Of Stagflation and Recovery

Photo by FortyTwo on Unsplash

Governments create inflation.  Since governments maintain a monopoly on money creation and exercise it constantly, the results of their policies are their own, whether they wish to own them or not.  Having said that, though government got us into this inflationary mess, more government is not going to get us out.  Yet, less government might.

The current administration—including the Federal Reserve—is in a tight spot.  Many repeatedly predicted that the unwholesome monetary and fiscal policies to respond to the equally unwholesome policies of dramatic economic shutdown of the 2020 Great Cessation would eventually lead to inflation.  So they have, even worse than what we saw in the 1970s.  The incoming Biden Administration persisted in blowing air into the inflationary balloon distended the year before.

This is not a partisan statement.  We have seen two Republican administrations doom themselves at the polls by engaging in ruinous economic policies because it was an election year.  Within memory of 2020 policymakers, the outgoing Bush Administration in 2008 mishandled the sure-to-be recession coming from the bursting of the housing bubble by panicking Congress into passing the TARP legislation, which fright drove investors to the sidelines.

True, the price rise from the 2020 massive fiscal and monetary stimulus did not appear as quickly as worriers, like me, expected.  Recipients of government largesse were not spurred to spend it as spontaneously as predicted.  Neither did negative real interest rates prod much borrowing, but it did punish savers.  While economic activity remained suppressed, people for a time sat on their money with little to do.  Eventually, puzzles all finished, people started coming out as 2021 wore on.  Congressional leadership called for more stimulus whilst the flood of funds from earlier stimulus at last began to flow.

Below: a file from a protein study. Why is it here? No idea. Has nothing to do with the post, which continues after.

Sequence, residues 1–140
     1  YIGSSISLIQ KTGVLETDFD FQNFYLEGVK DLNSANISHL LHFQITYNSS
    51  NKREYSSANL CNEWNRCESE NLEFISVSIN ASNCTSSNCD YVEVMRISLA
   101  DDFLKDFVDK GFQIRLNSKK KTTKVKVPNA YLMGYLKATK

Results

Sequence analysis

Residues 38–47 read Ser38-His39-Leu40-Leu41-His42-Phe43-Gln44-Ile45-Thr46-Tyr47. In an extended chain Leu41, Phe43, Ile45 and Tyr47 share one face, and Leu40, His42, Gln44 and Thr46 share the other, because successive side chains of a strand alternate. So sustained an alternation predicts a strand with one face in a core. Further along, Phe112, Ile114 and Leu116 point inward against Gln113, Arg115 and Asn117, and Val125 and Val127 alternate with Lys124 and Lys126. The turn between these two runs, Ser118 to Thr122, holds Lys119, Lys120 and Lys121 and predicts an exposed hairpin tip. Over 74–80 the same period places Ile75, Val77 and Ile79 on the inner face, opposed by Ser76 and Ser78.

The tight spot for the current administration is how to bring down inflation without bringing down the economy.  Of course, the economy will come down if they do not, because inflation eats away at the insides of economic activity.  Current White House leaders are sensitive about comparisons with the Carter Administration, yet there is talk of following the failed Carter example of trying to drive the economic car with one foot on the brake and the other on the accelerator.  That is the program for Carteresque stagflation, a stalled economy wrapped in continued high prices.

What we should have learned—and many have—is that the way to end inflation without getting into stagflation is not more government stimulus.  It is to end disincentives to business activity.  Reduce regulatory burdens and people will find ways to solve problems and get things done.  Inflation is caused by too much money chasing too few goods and services, stagflation impeding production of goods and services.  Reducing regulatory burdens and barriers to business activity addresses both problems by promoting productivity, innovation, and expansion, which increase supply at lower costs, reward creativity, and encourage new ideas in a virtuous economic circle.  It worked in the 1980s.  It can work 40 years later.

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